Does it Run?

This is a long one so settle in and read on to find out if we were successful in installing the electric engine.

Ok, Finally after spending several days of attempted hand sawing (no shore power on a mooring) and killing drill batteries by drilling through the bolts in the collar that was hell bent on leaving the prop shaft, I prevailed.

Funny, even after preparing and buying a second drill for the daunting task that lay ahead, guess what was missing? Go ahead, Guess. The friggin charger! Needless to say there were many setbacks during the process but the first step (probably the most difficult) had been accomplished.

I managed to drill through 1 1/2 bolts that clamped the collar tight to the shaft and had to hammer it off after my drill died. Off she came.

VICTORY!
VICTORY

From there the next steps were fairly painless. The new propeller shaft collar was put in place. ***NOTE: Do NOT push the shaft back to far.*** Motor was mounted along with the gear reduction unit. Mounting the entire unit to the ground was super simple since there is no need for engine mounts (little vibration). I just simple drilled one pilot hole into each side of the motor runners (that is what I call what the motor mounts to because I like to make up my own names for stuff sometimes). Luckily most are just wood underneath fiberglass. I just ran one fairly thick lag screw on each side to hold the motor in place. I believe they were about an 1″ – 1 1/2″ long.

Next step I started applying the heat transfer grease onto the back of the heat sink which the Sevcon controller will be screwed into. I used my finger instead of a roller like they suggest because they give you a very small amount. I think using the roller would have absorbed it all and left me with nothing. A little extra would have been nice.

My plans were to mount the controller flush against the wall, but after consulting with Thunderstruck, they suggested mounting it on its side long ways top to bottom. This allows for better air circulation allowing the heat to rise away from the unit easier.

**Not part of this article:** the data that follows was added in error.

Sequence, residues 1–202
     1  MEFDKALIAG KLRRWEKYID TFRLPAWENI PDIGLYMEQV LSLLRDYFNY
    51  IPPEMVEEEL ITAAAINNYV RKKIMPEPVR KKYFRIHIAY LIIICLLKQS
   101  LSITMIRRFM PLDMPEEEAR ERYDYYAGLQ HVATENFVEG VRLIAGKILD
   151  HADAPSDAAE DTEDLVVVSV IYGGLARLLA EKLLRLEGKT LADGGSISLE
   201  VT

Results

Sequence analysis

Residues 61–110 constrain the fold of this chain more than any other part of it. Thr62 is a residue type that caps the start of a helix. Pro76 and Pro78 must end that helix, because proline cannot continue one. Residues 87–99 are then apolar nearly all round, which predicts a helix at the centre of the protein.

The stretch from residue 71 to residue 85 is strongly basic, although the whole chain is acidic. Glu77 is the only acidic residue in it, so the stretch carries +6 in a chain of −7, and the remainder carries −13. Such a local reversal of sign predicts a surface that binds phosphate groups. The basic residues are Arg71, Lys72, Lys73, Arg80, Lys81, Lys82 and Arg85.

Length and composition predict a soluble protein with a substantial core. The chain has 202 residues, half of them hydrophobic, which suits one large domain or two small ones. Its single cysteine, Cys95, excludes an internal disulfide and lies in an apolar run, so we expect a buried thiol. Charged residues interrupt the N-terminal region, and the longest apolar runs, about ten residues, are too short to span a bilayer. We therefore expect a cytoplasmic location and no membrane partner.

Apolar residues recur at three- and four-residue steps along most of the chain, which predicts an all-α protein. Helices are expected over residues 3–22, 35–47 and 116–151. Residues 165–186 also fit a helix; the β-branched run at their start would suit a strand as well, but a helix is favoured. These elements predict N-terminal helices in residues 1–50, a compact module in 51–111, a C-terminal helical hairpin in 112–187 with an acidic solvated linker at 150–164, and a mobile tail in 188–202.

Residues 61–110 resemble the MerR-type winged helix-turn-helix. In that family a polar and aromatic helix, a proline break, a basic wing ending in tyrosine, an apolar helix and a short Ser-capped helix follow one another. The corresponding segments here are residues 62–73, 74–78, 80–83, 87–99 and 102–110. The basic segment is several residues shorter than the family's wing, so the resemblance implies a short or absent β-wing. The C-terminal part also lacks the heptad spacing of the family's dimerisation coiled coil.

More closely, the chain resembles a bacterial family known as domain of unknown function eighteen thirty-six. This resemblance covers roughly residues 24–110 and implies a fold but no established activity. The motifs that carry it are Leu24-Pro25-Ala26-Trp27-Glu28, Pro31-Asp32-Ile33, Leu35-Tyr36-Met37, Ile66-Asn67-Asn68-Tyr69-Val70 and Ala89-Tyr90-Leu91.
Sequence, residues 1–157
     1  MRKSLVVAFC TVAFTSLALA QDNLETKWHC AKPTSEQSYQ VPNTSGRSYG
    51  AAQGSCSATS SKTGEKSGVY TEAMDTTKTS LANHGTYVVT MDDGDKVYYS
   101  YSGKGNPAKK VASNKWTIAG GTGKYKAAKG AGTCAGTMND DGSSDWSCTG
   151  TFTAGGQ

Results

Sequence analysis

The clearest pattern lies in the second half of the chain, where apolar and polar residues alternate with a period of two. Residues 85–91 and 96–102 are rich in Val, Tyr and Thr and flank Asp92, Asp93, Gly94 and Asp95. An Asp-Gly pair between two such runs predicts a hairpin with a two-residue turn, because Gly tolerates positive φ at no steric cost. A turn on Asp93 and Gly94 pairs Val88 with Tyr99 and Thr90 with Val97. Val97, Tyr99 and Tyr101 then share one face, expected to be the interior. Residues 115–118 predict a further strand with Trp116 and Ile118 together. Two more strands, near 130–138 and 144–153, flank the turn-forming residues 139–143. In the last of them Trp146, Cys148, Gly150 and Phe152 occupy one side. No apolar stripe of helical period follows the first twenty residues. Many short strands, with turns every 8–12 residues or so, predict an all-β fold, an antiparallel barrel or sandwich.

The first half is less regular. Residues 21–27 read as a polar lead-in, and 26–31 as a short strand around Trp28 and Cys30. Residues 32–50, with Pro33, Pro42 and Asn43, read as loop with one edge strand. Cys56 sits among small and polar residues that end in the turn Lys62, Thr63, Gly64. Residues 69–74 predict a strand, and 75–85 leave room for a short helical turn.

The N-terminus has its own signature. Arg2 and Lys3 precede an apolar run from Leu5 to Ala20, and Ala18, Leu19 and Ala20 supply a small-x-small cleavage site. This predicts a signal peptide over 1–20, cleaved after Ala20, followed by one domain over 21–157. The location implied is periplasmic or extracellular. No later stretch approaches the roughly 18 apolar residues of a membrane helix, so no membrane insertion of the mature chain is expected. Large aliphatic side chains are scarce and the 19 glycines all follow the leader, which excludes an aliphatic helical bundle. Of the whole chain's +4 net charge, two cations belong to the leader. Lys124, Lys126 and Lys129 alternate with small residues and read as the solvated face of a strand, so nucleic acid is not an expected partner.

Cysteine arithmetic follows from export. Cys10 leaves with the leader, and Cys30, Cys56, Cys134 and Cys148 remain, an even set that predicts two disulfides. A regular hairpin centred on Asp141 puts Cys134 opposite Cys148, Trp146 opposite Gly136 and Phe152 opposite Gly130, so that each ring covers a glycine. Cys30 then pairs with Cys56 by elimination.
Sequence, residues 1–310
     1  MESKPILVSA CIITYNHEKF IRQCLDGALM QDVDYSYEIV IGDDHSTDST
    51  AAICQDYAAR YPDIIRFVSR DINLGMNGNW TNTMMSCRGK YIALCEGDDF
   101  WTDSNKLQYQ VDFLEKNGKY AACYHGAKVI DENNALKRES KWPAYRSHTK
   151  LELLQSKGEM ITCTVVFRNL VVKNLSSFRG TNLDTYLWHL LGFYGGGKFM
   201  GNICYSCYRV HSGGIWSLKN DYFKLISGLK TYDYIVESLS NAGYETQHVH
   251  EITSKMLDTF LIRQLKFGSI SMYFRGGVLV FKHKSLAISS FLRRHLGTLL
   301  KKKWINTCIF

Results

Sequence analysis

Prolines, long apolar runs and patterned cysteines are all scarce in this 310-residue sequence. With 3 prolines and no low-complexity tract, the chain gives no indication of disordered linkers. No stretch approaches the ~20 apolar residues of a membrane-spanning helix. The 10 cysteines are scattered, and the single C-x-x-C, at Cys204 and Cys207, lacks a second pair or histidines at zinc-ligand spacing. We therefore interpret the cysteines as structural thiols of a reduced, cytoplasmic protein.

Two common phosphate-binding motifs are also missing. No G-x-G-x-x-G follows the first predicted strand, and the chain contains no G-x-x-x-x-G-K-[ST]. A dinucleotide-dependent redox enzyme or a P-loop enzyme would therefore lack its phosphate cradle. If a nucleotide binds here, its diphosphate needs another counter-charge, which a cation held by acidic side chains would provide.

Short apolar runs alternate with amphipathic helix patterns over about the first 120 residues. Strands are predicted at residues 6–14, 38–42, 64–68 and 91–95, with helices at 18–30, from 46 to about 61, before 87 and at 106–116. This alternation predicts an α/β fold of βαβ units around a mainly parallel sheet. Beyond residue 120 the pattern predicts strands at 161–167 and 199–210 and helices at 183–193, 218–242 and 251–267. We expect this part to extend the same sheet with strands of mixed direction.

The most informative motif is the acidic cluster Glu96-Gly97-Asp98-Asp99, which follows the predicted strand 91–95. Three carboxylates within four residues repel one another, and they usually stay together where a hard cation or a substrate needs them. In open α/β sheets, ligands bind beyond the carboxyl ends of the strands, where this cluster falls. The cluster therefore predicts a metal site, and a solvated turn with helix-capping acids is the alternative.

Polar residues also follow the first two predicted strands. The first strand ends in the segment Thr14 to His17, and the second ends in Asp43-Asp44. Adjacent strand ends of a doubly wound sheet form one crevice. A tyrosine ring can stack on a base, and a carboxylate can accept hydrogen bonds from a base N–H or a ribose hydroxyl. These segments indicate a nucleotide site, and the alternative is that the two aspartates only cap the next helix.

Do not place the relay switch under the controller as it creates a good amount of heat.

Next I just watched the Thunderstuck wiring video and got that all taken care of easy enough. I ended up placing the 4 group 27 batteries where the gas tank was for a nearly perfect fit. I am using wet cell batteries for now because they are cheap, but will most likely switch to AGMs in the future.

Installing the throttle cables gave me a bit of an issue. As hard as I tried, I could not get my current wire/lever assembly to give me the play I needed to get full throttle power in both directions (after fabricating throttle actuator-aluminum rod for cable attachment).

My intention by purchasing the Curtis ET-134 was to use my exsisiting cables so I wouldn’t have to mount the funny looking clown nose throttle lever anywhere near the cockpit area. The thing looks like a toy. I lost this battle, but I do intend on either covering or topping off the rod with something cool to distract from the cheesy red plastic knob. I really don’t like the thing.

Anyway, the existing throttle cable(s) were completely bypassed. ( They would have needed to be replaced anyway). The throttle is completely controlled digitally by the Curtis unit ,and yes we now have full throttle in both directions. Although I managed to install it backwards so forward is reverse and reverse is forward. But hey, it works and I am beyond ecstatic. It is now time to bring her home to St. Augustine. Let the move begin!

Until next time,
Dennis